It’s been almost two years since Conn Davis contracted COVID-19, and neither he nor the world’s health experts know when he’ll finally be completely over it. Or if he ever will.
The 37-year-old Davis, who grew up on St. Thomas and currently helps run a family business on-island, is one of what seems to be an increasing number of so-called COVID long-haulers: people who exhibit one or more of a mixed bag of symptoms many weeks or months after their initial exposure to the disease.
Davis was living and working in New York as an investment banker in 2020, just as the pandemic was getting a foothold in Europe. Soon after he returned to the U.S. after a business trip to Italy in February of that year, he discovered he had contracted the COVID.
“Patient 37” in New York, he was in and out of the hospital for weeks, suffering an abnormally high heart rate, trouble breathing, – “My oxygen level never got quite low enough to be on a respirator” – insomnia, “brain fog,” and other symptoms.
The most severe immediate effects are long gone, but Davis is still coping with lingering problems. He’s getting only about three to five hours of sleep every 24 hours; he has digestive problems; his manual dexterity is not what it used to be, and he has trouble with things like typing. And then there’s the physical anxiety.
“You feel all jittery,” he said, trying to explain the sensation. He can be sitting quietly or lying, relaxed, in bed, and suddenly for no obvious reason, his system is pumping adrenalin. “Your body’s giving you that fight or flight reflex … It’s like you’re being chased by a bear.”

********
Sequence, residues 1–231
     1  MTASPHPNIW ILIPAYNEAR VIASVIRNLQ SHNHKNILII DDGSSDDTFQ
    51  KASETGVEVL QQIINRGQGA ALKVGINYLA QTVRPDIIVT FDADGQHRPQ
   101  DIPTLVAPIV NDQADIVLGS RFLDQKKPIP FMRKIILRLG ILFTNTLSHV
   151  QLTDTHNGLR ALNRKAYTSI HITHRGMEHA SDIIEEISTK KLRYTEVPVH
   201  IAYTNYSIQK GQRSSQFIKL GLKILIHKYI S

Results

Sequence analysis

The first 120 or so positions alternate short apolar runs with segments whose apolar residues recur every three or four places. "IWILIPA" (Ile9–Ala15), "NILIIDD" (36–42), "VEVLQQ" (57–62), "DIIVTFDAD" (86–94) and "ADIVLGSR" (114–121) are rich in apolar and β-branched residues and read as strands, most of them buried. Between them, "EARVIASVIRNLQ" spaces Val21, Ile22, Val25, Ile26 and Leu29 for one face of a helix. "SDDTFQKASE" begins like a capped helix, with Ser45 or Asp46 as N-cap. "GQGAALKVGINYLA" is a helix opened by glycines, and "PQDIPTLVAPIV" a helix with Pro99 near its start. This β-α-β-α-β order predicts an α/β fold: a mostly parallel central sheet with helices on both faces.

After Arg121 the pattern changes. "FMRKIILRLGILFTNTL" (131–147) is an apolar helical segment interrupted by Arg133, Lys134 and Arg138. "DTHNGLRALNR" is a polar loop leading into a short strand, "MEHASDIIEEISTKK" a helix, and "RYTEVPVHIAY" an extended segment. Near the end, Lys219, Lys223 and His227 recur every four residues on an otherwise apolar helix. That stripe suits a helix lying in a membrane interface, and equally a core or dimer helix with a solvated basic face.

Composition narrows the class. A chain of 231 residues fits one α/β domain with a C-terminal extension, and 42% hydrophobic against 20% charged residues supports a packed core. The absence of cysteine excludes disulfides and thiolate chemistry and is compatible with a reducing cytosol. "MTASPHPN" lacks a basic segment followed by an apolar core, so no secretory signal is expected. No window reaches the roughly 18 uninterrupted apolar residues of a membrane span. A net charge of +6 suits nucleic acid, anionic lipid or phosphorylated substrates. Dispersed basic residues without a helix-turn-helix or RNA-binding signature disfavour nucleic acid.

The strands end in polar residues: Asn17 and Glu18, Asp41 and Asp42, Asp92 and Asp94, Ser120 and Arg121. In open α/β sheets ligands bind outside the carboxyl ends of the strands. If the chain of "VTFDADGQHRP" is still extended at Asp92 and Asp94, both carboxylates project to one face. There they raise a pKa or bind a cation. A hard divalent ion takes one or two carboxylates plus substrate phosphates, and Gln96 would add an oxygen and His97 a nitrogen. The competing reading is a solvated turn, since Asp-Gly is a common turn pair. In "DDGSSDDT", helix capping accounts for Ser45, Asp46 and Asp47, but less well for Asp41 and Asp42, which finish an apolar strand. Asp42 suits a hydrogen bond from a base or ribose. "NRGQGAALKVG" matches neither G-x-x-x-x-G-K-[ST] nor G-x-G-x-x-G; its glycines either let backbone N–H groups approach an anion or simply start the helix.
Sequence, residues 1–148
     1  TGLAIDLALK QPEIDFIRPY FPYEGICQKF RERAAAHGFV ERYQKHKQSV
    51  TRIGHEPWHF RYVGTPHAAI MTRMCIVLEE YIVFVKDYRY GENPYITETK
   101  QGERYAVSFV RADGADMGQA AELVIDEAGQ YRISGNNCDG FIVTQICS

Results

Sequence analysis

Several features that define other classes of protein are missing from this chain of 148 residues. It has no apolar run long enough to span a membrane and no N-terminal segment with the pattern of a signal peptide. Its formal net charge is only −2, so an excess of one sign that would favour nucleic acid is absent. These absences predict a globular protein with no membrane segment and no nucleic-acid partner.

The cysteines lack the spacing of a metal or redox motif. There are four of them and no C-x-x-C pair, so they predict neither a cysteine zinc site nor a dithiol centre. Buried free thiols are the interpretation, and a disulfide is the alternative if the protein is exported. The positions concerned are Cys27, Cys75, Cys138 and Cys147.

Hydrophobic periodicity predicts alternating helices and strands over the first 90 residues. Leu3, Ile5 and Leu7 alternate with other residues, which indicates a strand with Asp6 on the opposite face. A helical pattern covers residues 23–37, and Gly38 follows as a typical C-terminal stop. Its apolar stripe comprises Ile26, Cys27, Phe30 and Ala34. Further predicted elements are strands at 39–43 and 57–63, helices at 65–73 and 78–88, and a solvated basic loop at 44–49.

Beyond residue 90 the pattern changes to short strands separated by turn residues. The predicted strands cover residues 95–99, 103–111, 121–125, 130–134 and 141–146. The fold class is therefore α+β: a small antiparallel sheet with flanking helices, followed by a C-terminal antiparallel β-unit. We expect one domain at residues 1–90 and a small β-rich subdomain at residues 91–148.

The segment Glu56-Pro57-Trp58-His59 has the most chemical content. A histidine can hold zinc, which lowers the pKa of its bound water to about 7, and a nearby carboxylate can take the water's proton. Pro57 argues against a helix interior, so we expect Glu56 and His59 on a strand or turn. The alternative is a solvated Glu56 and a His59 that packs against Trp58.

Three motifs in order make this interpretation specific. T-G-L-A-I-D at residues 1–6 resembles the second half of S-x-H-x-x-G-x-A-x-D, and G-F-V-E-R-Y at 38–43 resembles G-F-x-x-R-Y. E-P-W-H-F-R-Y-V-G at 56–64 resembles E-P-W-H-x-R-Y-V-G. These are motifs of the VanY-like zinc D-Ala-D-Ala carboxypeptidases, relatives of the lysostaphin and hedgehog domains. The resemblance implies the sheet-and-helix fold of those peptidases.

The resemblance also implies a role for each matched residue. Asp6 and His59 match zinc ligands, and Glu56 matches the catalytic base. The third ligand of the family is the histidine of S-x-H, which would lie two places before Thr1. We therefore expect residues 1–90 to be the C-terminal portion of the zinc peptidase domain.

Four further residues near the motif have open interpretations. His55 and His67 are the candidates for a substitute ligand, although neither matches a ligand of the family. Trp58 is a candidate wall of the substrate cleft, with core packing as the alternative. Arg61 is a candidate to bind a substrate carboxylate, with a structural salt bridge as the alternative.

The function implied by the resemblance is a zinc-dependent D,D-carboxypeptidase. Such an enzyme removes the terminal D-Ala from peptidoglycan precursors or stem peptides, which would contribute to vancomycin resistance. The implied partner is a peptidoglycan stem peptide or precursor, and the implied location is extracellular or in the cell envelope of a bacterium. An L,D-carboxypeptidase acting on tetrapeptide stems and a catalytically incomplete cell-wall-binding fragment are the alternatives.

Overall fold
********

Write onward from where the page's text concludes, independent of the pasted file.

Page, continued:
While he thinks his lung capacity was not compromised – in a diving course last summer, he was able to hold his breath for five minutes – he said he has difficulty controlling the mechanics of breathing. It isn’t automatic all the time. “I find myself holding my breath. … Things just aren’t in sync. I have to think about breathing a lot. My command center’s off if that makes sense.”
A recent small pilot study conducted in England and described in various media outlets over the past few weeks suggests that impaired lung function may be a problem for a significant percentage of long-haulers.
While X-rays and other traditional types of imaging hadn’t revealed physical damage to the lungs, by using xenon gas and magnetic resonance imaging (MRI) scans, researchers were able to trace the path of oxygen moving from the lungs into the bloodstream – and showed that vital transfer was happening at an abnormally low rate for subjects with long-haul COVID. The research was not conclusive, and further study is underway.
On its website, The U.S. Centers for Disease Control and Prevention lists the following as common long-haul conditions:
· Difficulty breathing or shortness of breath
· Tiredness or fatigue
· Symptoms that get worse after physical or mental activities (also known as post-exertional malaise)
· Difficulty thinking or concentrating (sometimes referred to as “brain fog”)
· Chest or stomach pain
· Fast-beating or pounding heart (also known as heart palpitations)
· Joint or muscle pain
· Pins-and-needles feeling
· Sleep problems
· Dizziness on standing (lightheadedness)
· Mood changes
· Change in smell or taste
· Changes in menstrual period cycles
And that is not an all-inclusive list. For instance, if there was kidney damage, it could mean long-term kidney disease and the need for dialysis, according to the Johns Hopkins University Medical Center website. The center also references a study that showed 60 percent of people who recovered from COVID showed signs of ongoing heart inflammation.